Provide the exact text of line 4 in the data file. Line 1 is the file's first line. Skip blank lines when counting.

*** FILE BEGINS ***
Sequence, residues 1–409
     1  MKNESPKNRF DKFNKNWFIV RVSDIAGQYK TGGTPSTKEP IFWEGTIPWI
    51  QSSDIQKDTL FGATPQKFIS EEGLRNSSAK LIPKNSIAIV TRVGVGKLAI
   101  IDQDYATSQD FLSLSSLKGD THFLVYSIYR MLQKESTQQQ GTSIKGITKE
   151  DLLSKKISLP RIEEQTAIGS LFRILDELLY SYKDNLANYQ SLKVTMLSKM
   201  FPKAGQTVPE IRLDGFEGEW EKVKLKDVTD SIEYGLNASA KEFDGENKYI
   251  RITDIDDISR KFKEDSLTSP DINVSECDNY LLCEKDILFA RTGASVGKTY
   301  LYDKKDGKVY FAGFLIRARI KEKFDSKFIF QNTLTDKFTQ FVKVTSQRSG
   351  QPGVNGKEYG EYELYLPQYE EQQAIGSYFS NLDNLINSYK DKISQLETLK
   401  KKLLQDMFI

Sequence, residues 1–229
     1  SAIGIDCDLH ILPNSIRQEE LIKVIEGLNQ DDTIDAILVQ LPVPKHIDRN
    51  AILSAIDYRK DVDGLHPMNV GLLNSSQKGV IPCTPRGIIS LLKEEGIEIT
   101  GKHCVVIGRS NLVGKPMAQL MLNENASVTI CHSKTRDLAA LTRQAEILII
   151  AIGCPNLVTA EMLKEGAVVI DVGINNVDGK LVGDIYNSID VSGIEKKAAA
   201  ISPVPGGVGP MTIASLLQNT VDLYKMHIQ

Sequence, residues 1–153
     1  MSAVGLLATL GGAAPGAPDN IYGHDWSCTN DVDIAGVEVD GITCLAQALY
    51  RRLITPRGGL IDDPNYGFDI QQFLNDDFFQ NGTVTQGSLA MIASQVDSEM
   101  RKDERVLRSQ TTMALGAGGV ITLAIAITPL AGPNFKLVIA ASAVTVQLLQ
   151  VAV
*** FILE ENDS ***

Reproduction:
   101  IDQDYATSQD FLSLSSLKGD THFLVYSIYR MLQKESTQQQ GTSIKGITKE